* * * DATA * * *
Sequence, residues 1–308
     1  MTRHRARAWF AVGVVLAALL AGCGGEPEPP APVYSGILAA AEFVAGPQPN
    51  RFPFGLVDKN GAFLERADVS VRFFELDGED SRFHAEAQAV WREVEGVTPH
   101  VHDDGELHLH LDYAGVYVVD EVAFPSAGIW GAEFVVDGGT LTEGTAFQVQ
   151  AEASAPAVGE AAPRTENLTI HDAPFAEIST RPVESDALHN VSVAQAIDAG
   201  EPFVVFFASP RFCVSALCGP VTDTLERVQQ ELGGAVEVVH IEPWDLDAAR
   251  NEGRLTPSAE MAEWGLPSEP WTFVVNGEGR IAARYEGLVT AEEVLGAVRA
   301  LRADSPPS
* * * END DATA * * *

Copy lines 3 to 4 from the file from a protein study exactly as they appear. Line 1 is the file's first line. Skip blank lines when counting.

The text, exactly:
    51  RFPFGLVDKN GAFLERADVS VRFFELDGED SRFHAEAQAV WREVEGVTPH
   101  VHDDGELHLH LDYAGVYVVD EVAFPSAGIW GAEFVVDGGT LTEGTAFQVQ